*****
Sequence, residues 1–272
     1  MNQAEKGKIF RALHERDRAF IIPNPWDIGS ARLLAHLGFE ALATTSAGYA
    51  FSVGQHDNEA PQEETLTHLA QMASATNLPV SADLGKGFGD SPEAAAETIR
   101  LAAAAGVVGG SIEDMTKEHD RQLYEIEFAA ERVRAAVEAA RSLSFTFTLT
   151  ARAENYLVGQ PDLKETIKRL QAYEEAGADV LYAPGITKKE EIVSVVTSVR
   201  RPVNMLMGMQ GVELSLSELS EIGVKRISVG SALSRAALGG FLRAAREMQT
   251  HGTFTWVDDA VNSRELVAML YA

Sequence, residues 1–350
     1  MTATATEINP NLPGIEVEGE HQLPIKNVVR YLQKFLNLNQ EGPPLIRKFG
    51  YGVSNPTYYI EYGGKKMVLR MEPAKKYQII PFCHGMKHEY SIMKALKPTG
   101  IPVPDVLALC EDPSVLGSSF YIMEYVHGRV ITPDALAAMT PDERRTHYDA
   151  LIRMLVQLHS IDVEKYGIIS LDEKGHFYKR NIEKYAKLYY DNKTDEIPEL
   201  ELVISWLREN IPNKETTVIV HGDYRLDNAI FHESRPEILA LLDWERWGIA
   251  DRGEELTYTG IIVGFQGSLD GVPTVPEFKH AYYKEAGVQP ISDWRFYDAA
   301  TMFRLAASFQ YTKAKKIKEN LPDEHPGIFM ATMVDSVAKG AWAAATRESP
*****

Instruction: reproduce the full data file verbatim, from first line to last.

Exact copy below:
Sequence, residues 1–272
     1  MNQAEKGKIF RALHERDRAF IIPNPWDIGS ARLLAHLGFE ALATTSAGYA
    51  FSVGQHDNEA PQEETLTHLA QMASATNLPV SADLGKGFGD SPEAAAETIR
   101  LAAAAGVVGG SIEDMTKEHD RQLYEIEFAA ERVRAAVEAA RSLSFTFTLT
   151  ARAENYLVGQ PDLKETIKRL QAYEEAGADV LYAPGITKKE EIVSVVTSVR
   201  RPVNMLMGMQ GVELSLSELS EIGVKRISVG SALSRAALGG FLRAAREMQT
   251  HGTFTWVDDA VNSRELVAML YA

Sequence, residues 1–350
     1  MTATATEINP NLPGIEVEGE HQLPIKNVVR YLQKFLNLNQ EGPPLIRKFG
    51  YGVSNPTYYI EYGGKKMVLR MEPAKKYQII PFCHGMKHEY SIMKALKPTG
   101  IPVPDVLALC EDPSVLGSSF YIMEYVHGRV ITPDALAAMT PDERRTHYDA
   151  LIRMLVQLHS IDVEKYGIIS LDEKGHFYKR NIEKYAKLYY DNKTDEIPEL
   201  ELVISWLREN IPNKETTVIV HGDYRLDNAI FHESRPEILA LLDWERWGIA
   251  DRGEELTYTG IIVGFQGSLD GVPTVPEFKH AYYKEAGVQP ISDWRFYDAA
   301  TMFRLAASFQ YTKAKKIKEN LPDEHPGIFM ATMVDSVAKG AWAAATRESP